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COVID-19 and liver cancer: Lost patients and larger tumours

Lookup NU author(s): Dr Daniel Geh, Robyn Watson, Gourab Sen, Jeremy French, John Hammond, Professor Stuart McPhersonORCiD, Dr Steven MassonORCiD, Dr Jess Dyson, Professor Quentin AnsteeORCiD, Steven White, Sanjay PandanaboyanaORCiD, Misti McCainORCiD, Dr Yvonne BuryORCiD, Dr Beate Haugk, Dr Antony Darne, Dr Nicholas Wadd, Dr Jane Margetts, Dr Peter Littler, Professor Derek Manas, Professor Helen ReevesORCiD



This work is licensed under a Creative Commons Attribution 4.0 International License (CC BY 4.0).


© Author(s) (or their employer(s)) 2022.Background Northern England has been experiencing a persistent rise in the number of primary liver cancers, largely driven by an increasing incidence of hepatocellular carcinoma (HCC) secondary to alcohol-related liver disease and non-alcoholic fatty liver disease. Here we review the effect of the COVID-19 pandemic on primary liver cancer services and patients in our region. Objective To assess the impact of the COVID-19 pandemic on patients with newly diagnosed liver cancer in our region. Design We prospectively audited our service for the first year of the pandemic (March 2020-February 2021), comparing mode of presentation, disease stage, treatments and outcomes to a retrospective observational consecutive cohort immediately prepandemic (March 2019-February 2020). Results We observed a marked decrease in HCC referrals compared with previous years, falling from 190 confirmed new cases to 120 (37%). Symptomatic became the the most common mode of presentation, with fewer tumours detected by surveillance or incidentally (% surveillance/incidental/symptomatic; 34/42/24 prepandemic vs 27/33/40 in the pandemic, p=0.013). HCC tumour size was larger in the pandemic year (60±4.6 mm vs 48±2.6 mm, p=0.017), with a higher incidence of spontaneous tumour haemorrhage. The number of new cases of intrahepatic cholangiocarcinoma (ICC) fell only slightly, with symptomatic presentation typical. Patients received treatment appropriate for their cancer stage, with waiting times shorter for patients with HCC and unchanged for patients with ICC. Survival was associated with stage both before and during the pandemic. 9% acquired COVID-19 infection. Conclusion The pandemic-associated reduction in referred patients in our region was attributed to the disruption of routine healthcare. For those referred, treatments and survival were appropriate for their stage at presentation. Non-referred or missing patients are expected to present with more advanced disease, with poorer outcomes. While protective measures are necessary during the pandemic, we recommend routine healthcare services continue, with patients encouraged to engage.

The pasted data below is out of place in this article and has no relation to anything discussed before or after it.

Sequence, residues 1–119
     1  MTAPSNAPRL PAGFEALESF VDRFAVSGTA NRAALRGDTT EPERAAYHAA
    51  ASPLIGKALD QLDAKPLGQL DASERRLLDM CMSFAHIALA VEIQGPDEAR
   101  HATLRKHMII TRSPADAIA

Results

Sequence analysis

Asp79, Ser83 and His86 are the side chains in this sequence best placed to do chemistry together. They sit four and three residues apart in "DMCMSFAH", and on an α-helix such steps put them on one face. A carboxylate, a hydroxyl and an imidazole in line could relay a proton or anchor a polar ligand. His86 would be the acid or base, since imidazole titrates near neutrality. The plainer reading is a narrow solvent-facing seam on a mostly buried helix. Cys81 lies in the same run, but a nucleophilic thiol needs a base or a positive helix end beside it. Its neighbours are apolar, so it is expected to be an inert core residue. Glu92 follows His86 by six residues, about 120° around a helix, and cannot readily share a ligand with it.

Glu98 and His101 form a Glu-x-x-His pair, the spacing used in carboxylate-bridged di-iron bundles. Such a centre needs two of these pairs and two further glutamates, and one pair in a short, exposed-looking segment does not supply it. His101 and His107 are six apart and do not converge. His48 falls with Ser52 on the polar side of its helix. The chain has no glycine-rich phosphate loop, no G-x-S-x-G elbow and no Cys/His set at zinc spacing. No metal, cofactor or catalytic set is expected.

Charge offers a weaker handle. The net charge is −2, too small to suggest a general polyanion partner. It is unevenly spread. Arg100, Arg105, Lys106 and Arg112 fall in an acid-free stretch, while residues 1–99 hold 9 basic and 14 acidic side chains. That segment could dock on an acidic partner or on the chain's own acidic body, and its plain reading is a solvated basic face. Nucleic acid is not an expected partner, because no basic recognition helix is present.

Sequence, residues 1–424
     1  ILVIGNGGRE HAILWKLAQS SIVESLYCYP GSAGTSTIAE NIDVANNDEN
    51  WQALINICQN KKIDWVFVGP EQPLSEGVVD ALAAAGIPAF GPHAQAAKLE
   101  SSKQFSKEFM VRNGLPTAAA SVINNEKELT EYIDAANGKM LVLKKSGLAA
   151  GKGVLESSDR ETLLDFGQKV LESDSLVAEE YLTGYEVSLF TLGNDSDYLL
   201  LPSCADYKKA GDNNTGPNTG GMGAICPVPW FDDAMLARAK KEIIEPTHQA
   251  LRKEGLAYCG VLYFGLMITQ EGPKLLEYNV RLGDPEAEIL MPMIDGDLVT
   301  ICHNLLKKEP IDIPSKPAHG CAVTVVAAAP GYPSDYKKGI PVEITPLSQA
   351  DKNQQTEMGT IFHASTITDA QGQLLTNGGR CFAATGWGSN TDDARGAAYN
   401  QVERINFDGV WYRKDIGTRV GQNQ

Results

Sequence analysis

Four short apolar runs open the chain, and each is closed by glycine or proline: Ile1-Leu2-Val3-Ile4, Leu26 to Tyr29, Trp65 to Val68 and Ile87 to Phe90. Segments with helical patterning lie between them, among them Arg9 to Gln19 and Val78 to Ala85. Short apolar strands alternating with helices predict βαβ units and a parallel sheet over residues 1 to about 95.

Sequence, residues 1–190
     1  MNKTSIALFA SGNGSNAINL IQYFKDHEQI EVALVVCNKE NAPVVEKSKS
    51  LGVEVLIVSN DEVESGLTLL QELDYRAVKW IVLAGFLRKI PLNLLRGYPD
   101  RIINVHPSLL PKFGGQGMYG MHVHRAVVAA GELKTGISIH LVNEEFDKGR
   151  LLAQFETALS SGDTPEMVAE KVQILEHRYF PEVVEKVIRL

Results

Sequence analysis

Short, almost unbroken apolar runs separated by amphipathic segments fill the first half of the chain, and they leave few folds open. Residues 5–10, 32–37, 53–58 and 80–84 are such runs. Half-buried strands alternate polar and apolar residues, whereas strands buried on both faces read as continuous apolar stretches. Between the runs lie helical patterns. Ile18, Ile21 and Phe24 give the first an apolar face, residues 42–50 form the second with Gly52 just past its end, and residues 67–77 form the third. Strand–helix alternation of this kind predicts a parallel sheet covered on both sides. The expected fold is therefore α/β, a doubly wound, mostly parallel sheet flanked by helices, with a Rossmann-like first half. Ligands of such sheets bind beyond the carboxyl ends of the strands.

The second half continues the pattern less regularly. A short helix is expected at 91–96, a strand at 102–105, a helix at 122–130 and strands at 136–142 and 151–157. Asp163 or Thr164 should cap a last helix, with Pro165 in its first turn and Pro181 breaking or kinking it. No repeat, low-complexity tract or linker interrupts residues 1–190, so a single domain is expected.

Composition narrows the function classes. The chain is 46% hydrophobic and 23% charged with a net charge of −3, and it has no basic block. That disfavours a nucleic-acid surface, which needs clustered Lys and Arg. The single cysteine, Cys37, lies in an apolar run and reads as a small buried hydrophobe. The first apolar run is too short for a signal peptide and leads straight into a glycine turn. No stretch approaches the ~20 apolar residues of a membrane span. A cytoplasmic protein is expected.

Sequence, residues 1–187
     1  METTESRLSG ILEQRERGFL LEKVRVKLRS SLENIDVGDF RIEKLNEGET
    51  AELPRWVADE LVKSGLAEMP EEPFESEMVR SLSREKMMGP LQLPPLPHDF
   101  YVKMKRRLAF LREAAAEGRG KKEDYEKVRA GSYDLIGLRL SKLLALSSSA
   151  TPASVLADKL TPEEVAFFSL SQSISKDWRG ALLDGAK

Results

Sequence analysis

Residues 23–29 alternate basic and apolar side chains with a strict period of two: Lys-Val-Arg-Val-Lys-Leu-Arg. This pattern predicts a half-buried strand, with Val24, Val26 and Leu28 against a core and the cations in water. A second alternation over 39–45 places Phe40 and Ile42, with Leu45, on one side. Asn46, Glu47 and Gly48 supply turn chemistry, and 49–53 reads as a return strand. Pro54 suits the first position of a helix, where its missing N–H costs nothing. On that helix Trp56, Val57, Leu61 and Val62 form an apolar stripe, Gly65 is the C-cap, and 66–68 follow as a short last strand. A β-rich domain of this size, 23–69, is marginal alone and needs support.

Publication metadata

Author(s): Geh D, Watson R, Sen G, French JJ, Hammond J, Turner P, Hoare T, Anderson K, Mcneil M, Mcpherson S, Masson S, Dyson J, Donnelly M, Macdougal L, Patel P, Hudson M, Anstee QM, White S, Robinson S, Pandanaboyana S, Walker L, Mccain M, Bury Y, Raman S, Burt A, Parkinson D, Haugk B, Darne A, Wadd N, Asghar S, Mariappan L, Margetts J, Stenberg B, Scott J, Littler P, Manas DM, Reeves HL

Publication type: Article

Publication status: Published

Journal: BMJ Open Gastroenterology

Year: 2022

Volume: 9

Issue: 1

Print publication date: 21/04/2022

Online publication date: 21/04/2022

Acceptance date: 27/03/2022

Date deposited: 19/01/2023

ISSN (electronic): 2054-4774

Publisher: BMJ Publishing Group


DOI: 10.1136/bmjgast-2021-000794


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Funder referenceFunder name
Newcastle CR UK Clinical Academic Training Programme
Newcastle upon Tyne Hospitals NHS Foundation Trust
Newcastle National Institute for Health Research Biomedical Research Centre